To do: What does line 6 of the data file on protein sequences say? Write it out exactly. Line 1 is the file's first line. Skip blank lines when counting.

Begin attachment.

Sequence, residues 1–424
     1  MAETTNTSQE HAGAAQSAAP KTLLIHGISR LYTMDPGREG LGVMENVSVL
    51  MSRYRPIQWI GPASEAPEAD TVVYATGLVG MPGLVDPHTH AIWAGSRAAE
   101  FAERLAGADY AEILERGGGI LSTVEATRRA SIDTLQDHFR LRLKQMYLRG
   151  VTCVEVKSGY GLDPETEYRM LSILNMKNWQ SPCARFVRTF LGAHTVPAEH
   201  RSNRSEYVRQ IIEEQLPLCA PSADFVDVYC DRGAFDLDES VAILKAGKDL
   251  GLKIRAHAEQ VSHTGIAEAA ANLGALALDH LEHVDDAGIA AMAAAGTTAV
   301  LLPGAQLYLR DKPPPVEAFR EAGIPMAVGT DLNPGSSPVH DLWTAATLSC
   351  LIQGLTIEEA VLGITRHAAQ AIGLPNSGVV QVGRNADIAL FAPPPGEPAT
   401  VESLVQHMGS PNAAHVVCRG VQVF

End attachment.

   201  RSNRSEYVRQ IIEEQLPLCA PSADFVDVYC DRGAFDLDES VAILKAGKDL